Jess Wade one of Nature's 10


Dr Jess Wade

Dr Jess Wade has been recognised as one of Nature's 10 for her work boosting the profiles of scientists from under-represented groups.

CPE researcher Dr Jess Wade has been recognised as one of Nature's 10 people who mattered in 2018.

Nature’s 10 is the journal’s annual list of ten people who mattered in science this year. Their role in science may have had a significant impact on the world, or their position in the world may have had an important impact on science. In ten short profiles we reveal the human stories behind some of the year’s most important discoveries and events.

Jess is celebrated for her efforts to raise the profile of underrepresented groups in science. Her work came to public notice earlier this year when the media picked up on the hundreds of Wikipedia pages on female scientists she has written, outside of her day job at the Centre for Plastic Electronics.

Nature notes that when Jess started writing a Wikipedia page every day, she didn’t expect her efforts to earn her global attention. She was simply trying to correct the online encyclopaedia’s under-representation of women and people of colour in science. But in July, when she tweeted about a trollish comment she’d received about the work, it prompted an outpouring of support and a big boost for her quest. “That wouldn’t have happened without that one mean comment,” she says.

Jess has tackled many science-outreach projects aimed at fostering diversity. She took up her page-a-day habit after learning that 90% of Wikipedia editors are men and only about 18% of people profiled on the site are women.

She has now created about 400 pages and works with organizations to host regular "edit-a-thons" — in which people create and edit Wikipedia content with an eye to inclusivity. These have inspired similar events around the world, including some focused on other professions.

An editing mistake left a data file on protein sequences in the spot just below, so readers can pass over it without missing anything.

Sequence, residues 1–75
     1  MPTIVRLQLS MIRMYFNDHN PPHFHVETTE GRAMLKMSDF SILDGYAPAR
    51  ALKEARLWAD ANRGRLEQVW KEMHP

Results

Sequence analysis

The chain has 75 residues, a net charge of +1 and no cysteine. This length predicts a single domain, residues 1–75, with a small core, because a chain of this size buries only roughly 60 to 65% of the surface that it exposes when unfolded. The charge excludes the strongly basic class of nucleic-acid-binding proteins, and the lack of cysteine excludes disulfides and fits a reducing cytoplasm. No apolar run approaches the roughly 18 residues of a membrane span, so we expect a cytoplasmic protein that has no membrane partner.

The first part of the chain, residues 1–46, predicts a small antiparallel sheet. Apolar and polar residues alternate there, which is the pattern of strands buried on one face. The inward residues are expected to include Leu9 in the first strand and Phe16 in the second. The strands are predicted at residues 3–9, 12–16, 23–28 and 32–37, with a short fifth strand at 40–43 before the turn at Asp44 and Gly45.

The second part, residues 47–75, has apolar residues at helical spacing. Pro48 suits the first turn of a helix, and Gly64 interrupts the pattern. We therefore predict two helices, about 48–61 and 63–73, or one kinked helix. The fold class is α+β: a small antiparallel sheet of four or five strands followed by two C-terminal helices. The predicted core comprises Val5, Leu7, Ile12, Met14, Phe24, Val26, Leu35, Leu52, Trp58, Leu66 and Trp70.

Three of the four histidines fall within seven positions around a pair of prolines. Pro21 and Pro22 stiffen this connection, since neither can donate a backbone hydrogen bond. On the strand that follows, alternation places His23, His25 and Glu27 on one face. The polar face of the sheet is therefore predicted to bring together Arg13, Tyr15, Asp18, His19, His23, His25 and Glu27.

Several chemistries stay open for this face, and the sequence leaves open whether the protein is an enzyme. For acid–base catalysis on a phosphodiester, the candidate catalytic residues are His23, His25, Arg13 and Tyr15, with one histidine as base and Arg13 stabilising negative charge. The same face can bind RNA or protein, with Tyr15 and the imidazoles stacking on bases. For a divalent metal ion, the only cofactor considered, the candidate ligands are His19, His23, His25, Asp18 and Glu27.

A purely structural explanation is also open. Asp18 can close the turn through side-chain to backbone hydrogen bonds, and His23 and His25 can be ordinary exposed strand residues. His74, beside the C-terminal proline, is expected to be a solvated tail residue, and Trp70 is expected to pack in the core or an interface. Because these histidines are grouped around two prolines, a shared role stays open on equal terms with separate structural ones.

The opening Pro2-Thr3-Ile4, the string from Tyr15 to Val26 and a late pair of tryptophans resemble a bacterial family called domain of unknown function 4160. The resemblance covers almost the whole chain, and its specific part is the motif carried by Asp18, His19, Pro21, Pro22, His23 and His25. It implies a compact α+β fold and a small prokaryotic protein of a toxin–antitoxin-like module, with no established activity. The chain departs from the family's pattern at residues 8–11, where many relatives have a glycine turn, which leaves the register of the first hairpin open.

Jess' Wikipedia campaign isn’t the only thing that thrust her into the spotlight this year. In September, she spoke about her engagement work at a conference on gender at CERN, Europe’s particle-physics lab near Geneva, Switzerland. On the same day, physicist Alessandro Strumia from the University of Pisa in Italy delivered a presentation questioning women’s ability in physics and attacking policies that encourage diversity. “His presentation was totally inappropriate,” Wade says, “telling a room of mainly young woman scientists that they’d only ever achieve success in physics due to affirmative action”. She once again used social media to highlight the comments, and they were widely condemned. Strumia has been suspended from his work with CERN while an investigation is ongoing.

In December, Jess joined a group of STEM professionals in London to raise awareness of Women in STEM online.

In 2019, Jess expects to press on with her outreach, including stocking school libraries with the book Inferior by Angela Saini, which explores the harm caused by gender stereotypes. “I think diverse teams do better science,” she says. “Doing all this stuff definitely makes sure that the academic community is more robust, resilient and creative.”


Lisa Bushby

Lisa Bushby
Department of Physics